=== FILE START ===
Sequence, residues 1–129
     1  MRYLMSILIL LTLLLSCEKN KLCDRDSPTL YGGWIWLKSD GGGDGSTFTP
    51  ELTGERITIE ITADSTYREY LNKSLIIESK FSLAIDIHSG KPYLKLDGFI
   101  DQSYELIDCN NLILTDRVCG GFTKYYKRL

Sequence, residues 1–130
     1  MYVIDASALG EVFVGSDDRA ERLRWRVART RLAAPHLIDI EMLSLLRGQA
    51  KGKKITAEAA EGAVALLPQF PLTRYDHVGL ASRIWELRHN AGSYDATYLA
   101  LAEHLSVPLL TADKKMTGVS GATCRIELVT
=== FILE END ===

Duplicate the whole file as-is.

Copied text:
Sequence, residues 1–129
     1  MRYLMSILIL LTLLLSCEKN KLCDRDSPTL YGGWIWLKSD GGGDGSTFTP
    51  ELTGERITIE ITADSTYREY LNKSLIIESK FSLAIDIHSG KPYLKLDGFI
   101  DQSYELIDCN NLILTDRVCG GFTKYYKRL

Sequence, residues 1–130
     1  MYVIDASALG EVFVGSDDRA ERLRWRVART RLAAPHLIDI EMLSLLRGQA
    51  KGKKITAEAA EGAVALLPQF PLTRYDHVGL ASRIWELRHN AGSYDATYLA
   101  LAEHLSVPLL TADKKMTGVS GATCRIELVT